Teo: In the context of data sharing, data governance is about setting the right expectations and policies to balance the trust in data usage with the openness or freedom to enable greater use of the data assets. Getting the proper governance structure and stakeholders is crucial, but there needs to be a clear justification for why and how data should be shared.

As an example of one such approach, Gartner has recommended adopting a “data sharing by default” policy (See last article here) — this means that data owners and departments should be open to data sharing requests unless they have a justifiable reason not to do so.

There are four parts to data sharing: finding data, understanding data, trusting data, and accessing data? How is Informatica helping companies to address all four areas?

Teo: All of the stages here are critical to operating data-sharing initiatives at scale. Understanding and trusting the data means that apart from having a single ‘Source of Truth’ about the data universe (i.e., a data catalog), these assets need to be enriched and associated with guidance about the data assets’ providence, management, and usage terms.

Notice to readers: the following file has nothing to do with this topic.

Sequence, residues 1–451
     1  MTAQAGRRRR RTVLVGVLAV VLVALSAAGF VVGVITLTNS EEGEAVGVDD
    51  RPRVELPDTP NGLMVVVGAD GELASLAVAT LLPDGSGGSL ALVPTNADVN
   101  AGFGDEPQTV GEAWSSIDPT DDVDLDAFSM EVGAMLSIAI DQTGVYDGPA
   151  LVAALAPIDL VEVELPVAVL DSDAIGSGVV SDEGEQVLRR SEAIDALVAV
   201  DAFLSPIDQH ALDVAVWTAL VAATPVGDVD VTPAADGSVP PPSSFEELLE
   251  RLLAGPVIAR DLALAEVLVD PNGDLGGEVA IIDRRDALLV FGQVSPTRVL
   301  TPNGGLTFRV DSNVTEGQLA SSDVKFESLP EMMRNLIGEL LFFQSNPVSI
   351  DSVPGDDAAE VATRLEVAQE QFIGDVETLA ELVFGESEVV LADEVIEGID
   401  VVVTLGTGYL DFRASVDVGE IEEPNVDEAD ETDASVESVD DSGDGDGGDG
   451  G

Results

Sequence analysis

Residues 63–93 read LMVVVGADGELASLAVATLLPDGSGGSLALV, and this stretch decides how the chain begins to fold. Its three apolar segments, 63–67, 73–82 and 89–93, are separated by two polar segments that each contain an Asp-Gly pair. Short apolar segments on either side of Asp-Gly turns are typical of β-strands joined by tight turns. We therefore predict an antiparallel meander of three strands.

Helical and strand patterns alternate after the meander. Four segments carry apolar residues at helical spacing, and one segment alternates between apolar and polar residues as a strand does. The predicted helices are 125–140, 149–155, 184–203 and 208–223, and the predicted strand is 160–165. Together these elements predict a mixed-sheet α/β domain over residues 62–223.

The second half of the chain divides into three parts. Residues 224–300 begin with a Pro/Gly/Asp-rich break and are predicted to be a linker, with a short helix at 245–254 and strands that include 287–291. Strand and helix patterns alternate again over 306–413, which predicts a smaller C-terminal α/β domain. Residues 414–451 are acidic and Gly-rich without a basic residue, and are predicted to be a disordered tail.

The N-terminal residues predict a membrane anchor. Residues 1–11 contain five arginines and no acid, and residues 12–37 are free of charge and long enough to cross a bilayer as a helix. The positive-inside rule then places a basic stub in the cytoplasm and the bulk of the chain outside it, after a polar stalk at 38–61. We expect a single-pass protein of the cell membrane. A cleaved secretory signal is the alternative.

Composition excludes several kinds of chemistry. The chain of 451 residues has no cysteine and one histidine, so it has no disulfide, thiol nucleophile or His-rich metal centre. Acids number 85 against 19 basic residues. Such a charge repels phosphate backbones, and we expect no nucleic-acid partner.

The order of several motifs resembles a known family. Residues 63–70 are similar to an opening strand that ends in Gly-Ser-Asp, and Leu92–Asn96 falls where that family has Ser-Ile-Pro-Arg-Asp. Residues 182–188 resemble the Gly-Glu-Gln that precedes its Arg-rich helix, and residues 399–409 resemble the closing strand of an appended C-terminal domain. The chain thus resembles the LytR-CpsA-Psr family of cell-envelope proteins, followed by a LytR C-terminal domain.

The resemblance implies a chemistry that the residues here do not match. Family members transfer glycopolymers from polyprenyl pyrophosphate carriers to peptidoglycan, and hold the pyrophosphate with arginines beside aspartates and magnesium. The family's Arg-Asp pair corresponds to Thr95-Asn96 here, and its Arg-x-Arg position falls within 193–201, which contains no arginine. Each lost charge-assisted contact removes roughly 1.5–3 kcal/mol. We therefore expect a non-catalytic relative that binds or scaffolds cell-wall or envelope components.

Informatica typically operationalizes data stewardship. Any key data asset can be linked to its stakeholders, business processes, quality metrics, data origin, data certification status, and more. All of this enrichment comes into play to promote greater data access by the community. Data stewards can publish their curated datasets into a built-in data marketplace to promote data search and discovery, and offer data consumers an intuitive, governed data shopping experience.